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Glendale's Turn to Squirrel Away, Patel Shows Up With Attorney Silverstein

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Glendale City Hall
GLENDALE: Joining just about every other city in California, today Glendale moved to squirrel away $480 million for community redevelopment projects, all part of an attempt to keep the money out of Governor Jerry Brown's hands. The special meeting, held at Glendale's City Hall, brought out a handful of members of the public, some of whom weighed in on developer Rick Caruso's plans to attempt to purchase Ray Patel's Golden Key Hotel, which falls in a redevelopment zone, for his Americana at Brand expansion. (Earlier this week, Caruso reached an agreement with property owner Henry David to buy his building, so Patel is the only hold-out at this point.)

Patel appeared before the Council to reiterate that he "would like to stay in his present location" and continue to operate his hotel. And Patel brought along a special guest, attorney Robert Silverstein. Yes, that Robert Silverstein, the lawyer known for bringing Hollywood developers to their knees. (Silverstein hasn't officially been hired by Patel on a long-term basis, but represented Patel at today's hearing.) During his public comments to the City Council, Silverstein raised the issue of the role of redevelopment agencies, criticizing subsidies handed to developers and stating that the process perpetuates "a system that has become increasingly abusive to the public."

As other cities have done, Glendale City Council quickly approved the agreement to protect its planned developments, a list which covers roughly 60 projects, developments ranging from affordable housing to parking structures to library renovations to hotels. Each project is broken down by cost.

No funds are allocated for the Americana expansion because the redevelopment agency “is in the preliminary stage of seeing what will be presented,” said Philip Lanzafame, Chief Assistant Director of Community Development at Glendale. (But the agreement does grant $15.125 million for Americana, specifically for “ongoing and future obligations associated with the Americana project, including potential litigation costs, liability and consulting." Those fees will help pay for two lawsuits against the city and Americana, including one brought by Patel, according to Lanzafame. UPDATE: Here's an update on the other lawsuit: David, the building owner who took a buyout from Caruso, testified in court yesterday.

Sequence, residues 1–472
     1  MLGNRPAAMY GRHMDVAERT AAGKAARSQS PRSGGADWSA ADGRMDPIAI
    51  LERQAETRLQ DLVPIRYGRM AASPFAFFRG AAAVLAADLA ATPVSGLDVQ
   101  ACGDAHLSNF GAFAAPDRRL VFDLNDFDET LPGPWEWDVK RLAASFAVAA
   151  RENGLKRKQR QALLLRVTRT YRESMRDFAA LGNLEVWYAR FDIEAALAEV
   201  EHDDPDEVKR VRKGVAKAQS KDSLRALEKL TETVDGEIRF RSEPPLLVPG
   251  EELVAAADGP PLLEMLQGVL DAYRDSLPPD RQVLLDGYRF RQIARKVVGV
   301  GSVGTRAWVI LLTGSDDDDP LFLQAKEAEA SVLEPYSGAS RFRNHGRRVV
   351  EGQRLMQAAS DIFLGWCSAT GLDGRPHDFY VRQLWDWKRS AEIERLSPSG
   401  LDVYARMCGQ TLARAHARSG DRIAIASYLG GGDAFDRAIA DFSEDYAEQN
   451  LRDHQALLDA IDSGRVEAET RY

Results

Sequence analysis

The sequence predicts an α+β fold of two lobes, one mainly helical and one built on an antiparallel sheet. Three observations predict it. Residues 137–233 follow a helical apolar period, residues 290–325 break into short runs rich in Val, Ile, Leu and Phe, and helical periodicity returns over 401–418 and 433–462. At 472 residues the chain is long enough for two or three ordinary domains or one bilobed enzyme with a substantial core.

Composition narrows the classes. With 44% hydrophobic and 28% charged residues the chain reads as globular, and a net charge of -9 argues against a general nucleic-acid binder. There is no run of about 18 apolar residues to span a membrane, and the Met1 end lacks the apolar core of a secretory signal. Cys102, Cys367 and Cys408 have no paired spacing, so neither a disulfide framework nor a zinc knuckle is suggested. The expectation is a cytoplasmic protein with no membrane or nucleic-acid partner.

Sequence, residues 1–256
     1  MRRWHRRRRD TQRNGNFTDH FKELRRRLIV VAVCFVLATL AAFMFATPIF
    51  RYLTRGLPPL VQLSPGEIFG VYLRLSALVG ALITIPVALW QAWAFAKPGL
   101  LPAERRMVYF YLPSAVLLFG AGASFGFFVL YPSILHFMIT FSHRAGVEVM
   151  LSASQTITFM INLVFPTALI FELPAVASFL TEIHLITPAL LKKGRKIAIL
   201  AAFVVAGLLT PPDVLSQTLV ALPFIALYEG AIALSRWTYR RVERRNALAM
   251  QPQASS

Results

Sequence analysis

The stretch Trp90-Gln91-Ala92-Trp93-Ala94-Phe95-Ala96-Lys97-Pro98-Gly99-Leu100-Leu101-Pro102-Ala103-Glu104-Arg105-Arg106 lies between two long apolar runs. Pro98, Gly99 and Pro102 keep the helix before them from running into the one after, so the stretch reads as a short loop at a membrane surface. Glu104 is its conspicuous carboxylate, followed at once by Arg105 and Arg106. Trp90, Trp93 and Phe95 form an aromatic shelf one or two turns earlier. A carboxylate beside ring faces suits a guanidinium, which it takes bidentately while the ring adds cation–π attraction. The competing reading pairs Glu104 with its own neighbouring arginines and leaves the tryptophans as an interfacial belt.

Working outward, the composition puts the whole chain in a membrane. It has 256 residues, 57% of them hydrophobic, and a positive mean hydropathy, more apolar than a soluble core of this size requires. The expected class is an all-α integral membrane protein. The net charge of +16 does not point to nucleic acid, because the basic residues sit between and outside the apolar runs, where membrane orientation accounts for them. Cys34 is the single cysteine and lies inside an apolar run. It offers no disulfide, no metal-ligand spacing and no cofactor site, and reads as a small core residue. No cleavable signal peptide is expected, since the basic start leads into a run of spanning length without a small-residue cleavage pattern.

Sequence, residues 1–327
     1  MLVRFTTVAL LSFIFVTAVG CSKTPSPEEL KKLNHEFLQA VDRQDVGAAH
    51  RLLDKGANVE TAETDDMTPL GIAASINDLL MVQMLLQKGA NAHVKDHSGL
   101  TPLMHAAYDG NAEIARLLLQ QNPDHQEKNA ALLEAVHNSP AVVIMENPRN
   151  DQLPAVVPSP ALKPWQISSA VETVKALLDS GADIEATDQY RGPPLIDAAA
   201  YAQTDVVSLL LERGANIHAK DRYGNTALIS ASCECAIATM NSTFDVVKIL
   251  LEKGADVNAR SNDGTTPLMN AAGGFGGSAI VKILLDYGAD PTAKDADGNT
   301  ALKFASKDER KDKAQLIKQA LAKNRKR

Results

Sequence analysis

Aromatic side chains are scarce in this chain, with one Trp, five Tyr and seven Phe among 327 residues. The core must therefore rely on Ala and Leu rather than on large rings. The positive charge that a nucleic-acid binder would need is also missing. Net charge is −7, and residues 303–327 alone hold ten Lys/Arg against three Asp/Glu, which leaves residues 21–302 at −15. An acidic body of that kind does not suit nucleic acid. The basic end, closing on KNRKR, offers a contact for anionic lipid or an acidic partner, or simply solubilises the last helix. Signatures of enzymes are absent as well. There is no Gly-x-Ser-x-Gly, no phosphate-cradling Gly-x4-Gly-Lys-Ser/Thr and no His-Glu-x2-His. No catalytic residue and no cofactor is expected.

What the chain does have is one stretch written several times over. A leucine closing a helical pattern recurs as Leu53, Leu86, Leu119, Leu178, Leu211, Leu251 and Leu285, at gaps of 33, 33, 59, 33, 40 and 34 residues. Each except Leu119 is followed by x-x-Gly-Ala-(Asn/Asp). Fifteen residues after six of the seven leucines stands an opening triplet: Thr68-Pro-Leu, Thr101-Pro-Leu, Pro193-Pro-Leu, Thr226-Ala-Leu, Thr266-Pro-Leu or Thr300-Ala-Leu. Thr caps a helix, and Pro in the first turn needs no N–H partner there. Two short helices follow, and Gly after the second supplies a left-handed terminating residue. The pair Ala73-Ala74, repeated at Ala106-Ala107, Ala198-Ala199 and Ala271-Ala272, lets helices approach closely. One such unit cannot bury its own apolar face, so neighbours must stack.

Last November, the Glendale City Council told Patel, whose hotel sits next to the Americana, to negotiate a sale price or present his own plans for redevelopment for the Golden Key hotel, or face possible eminent domain proceedings. Patel has a January 27th deadline to submit a plan for redeveloping the Golden Key.

But if Patel does present a plan, and the redevelopment agency chooses his project, then redevelopment money could be allocated towards his proposal, according to Lanzafame. But no expenses were allocated for a possible Patel plan under today's agreement. (By contrast, CRA-LA's $1 billion agreement covers just about every development proposal under the sun.)

Caruso, whose $6 million offer to buy the Golden Key hotel was recently rebuffed, has publicly said he won't use redevelopment money for the expansion. “Not one bit of taxpayer money, nor would any redevelopment funds would be used to purchase land for the Americana,” said Rick Lemmo, Senior Vice President of Caruso Affiliated Communications, and a member of the Glendale Chamber of Commerce, who was at today's hearing. Nor would redevelopment agency money be used for legal fees if the fight over the Golden Key reached the eminent domain stage, according to Lemmo.

Meanwhile, as the council moved to protect the tax revenue today, numerous questions remain about the future of redevelopment zones, and the process of eminent domain if those zones disappear.

Governor Brown’s budget proposal in regards to the CRAs is “light on details," said Jim Dantona, Chief Deputy to CRA-LA CEO Christine Essel. “If we are eliminated, what happens to the redevelopment zones, do they get eliminated? he asked rhetorically. "Or do those areas stick? Do you still retain eminent domain powers in those zones, and who has the power to eminent domain?” he added.

“If there is no redevelopment project area and no community redevelopment agencies, Glendale could have problems acquiring property for re-development for Americana at Brand," said John Peterson, an eminent domain lawyer at Peterson Law Group, a downtown law firm, in an interview this afternoon. In other words, how can the Golden Key Hotel be termed "blighted" if it no longer sits in a redevelopment zone? But Peterson added that local agencies will likely work around whatever new rules are handed down, and "develop solutions to the redevelopment legislation that is adopted."

In a statement yesterday, a rep for Caruso Affiliated didn't think that the Glendale Redevelopment Agency will be eliminated as proposed by Gov. Brown. "There has been such opposition to this plan from local jurisdictions," said the representative.
And there's a shot of Silverstein testifying before the City Council.